Indo-Japanese startup Voyagin gets acquired by e-commerce giant Rakuten
Voyagin is a tours and activities marketplace in Asia that has been acquired by Rakuten, Inc., Japan’s leading ecommerce site. Voyagin and its 13 employees will continue to operate from its Tokyobased headquarters under the leadership of CEO Masashi Takahashi with its own distinct brand identity. With the new investment, Voyagin is rapidly hiring for various positions, including engineering, sales, operations and more.
Co-founded by Tushar Khandelwal, Masashi Takahashi and Hiroyuki Hayashi, Voyagin was launched in late 2012 with a mission to help travelers discover and book the best travel experiences across Asia. The website features over 1,800 things to do including tickets to museums and shows, cultural activities, dinners, adventure experiences, and private guides bookable in English, Japanese, and Chinese in over 50 destinations in Asia, in advance or in destination via its mobile optimized website. With more than 30,000 guests in the past year alone, Voyagin has managed good traction in Tokyo, Kyoto and Bali.
Voyagin has an interesting journey. The company started off as FindJPN, a C2C marketplace to discover and book unique experiences offered by locals. “Voyagin started off as an extension to that to discover and book the most authentic experiences in Asia. Today, Voyagin has evolved into a platform to discover the best tours, activities, and things to do all over Asia - this includes things like tickets to museums, cultural activities, private guides, romantic dinners, and adventure experiences. Regardless of whether they are offered by a business or individual, what all the experiences share in common is their quality, curated by our team of community managers,” says Tushar.
The team constantly tweaked their mission and the business model of what they offered on Voyagin after hearing investor's advice and viewing data of what customers' booked. Until 2014, their sales were relatively small. In the beginning, Masashi came up with the concept of a marketplace model and though that it would automatically grow in the same vein that Airbnb did. He wanted to stick to a pure C2C marketplace in order to create a world where locals were able to introduce their neighborhood to travelers, but data showed that his hypotheses were wrong. “One of the biggest lessons we learned was to focus. At first, we thought that expanding our inventory and the number of destinations that we operated in was the most important point for competing on a global scale,” says Masashi.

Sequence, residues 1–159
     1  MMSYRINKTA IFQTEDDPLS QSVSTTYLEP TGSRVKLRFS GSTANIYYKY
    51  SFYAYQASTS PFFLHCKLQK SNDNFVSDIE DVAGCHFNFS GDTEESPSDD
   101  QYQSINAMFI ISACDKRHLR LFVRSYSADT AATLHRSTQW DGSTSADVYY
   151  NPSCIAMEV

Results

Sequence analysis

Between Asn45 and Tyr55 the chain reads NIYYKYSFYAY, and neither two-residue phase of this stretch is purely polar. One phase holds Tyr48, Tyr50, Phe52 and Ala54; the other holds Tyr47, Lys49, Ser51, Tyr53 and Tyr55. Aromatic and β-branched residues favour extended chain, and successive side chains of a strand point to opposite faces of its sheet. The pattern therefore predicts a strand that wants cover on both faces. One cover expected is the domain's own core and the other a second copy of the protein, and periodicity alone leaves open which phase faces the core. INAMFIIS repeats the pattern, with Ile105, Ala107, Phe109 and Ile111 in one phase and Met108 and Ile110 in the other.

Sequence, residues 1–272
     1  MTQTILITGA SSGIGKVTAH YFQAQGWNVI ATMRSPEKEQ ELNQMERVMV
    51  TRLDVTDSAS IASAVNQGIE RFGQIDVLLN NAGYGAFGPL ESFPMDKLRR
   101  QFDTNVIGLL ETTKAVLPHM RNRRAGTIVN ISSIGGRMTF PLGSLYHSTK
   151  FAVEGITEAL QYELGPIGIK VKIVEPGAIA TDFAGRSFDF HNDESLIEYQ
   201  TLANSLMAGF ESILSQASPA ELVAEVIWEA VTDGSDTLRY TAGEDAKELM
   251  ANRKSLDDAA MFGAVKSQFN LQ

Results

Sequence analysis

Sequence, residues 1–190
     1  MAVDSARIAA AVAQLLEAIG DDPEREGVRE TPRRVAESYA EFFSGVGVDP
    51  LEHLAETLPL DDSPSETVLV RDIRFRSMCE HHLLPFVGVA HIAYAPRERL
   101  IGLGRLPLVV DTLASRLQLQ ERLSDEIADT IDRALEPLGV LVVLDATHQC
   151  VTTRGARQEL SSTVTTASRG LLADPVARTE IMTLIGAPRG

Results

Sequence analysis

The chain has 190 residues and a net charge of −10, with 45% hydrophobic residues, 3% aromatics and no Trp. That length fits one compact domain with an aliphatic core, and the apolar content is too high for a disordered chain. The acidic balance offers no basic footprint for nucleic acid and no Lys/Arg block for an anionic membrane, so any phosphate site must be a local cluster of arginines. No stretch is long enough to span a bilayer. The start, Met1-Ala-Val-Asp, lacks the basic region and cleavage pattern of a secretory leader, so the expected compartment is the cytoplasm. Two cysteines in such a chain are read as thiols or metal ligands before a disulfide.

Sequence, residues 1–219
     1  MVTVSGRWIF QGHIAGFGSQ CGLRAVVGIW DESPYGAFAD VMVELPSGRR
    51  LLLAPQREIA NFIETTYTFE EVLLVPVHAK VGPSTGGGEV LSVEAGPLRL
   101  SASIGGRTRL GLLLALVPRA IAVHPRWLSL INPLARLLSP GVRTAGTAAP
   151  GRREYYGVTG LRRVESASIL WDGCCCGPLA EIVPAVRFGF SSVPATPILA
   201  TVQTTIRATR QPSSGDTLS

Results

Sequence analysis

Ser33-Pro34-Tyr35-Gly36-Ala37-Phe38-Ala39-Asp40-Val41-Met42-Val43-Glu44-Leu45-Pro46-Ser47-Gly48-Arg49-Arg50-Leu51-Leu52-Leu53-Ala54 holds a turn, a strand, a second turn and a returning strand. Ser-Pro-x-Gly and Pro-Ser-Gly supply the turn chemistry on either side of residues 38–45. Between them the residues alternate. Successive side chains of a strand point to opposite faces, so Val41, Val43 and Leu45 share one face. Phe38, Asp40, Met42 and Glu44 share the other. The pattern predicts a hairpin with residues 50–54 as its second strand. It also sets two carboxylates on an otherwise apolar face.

However, since they didn't have the resources to do this, it didn't go well. After Voyagin raised the second seed round, they had a sit-down meeting with Jungle Ventures and other investors/advisors who suggested to focus on two key destinations (one being a city and one being a vacation destination so that they're polar opposites of each other). The goal was to create sustainable models for these two destinations by focusing on boosting sales and then raising a round to replicate this model across Asia. While they didn't shut down any destinations that they were already present in, this helped Voyagin focus on Tokyo and Bali as key destinations.
Voyagin now provides a trusted platform for tours and activities providers (hosts) in Asia to list their experiences; its team of community managers work with each host to curate their activities both online and during the experience, ensuring their quality. The company will still operate as an independent brand under the current leadership structure with the addition of Rakuten board members.
Marketplaces for experiences have had a rough ride in India. The likes of Tushky and Poshvine started out early back in 2012 and since then, they have been shifting models to find a market fit. Sri Lanka based Trekurious has shifted to Mumbai to try out their proposition, Bangalore-US based Headout has started out by targeting the US market and there are many more such ventures are sprouting in the tours and activities space. E-commerce companies showing an interest in them is also an opening in terms of exit options and how the larger players can diversify their offerings.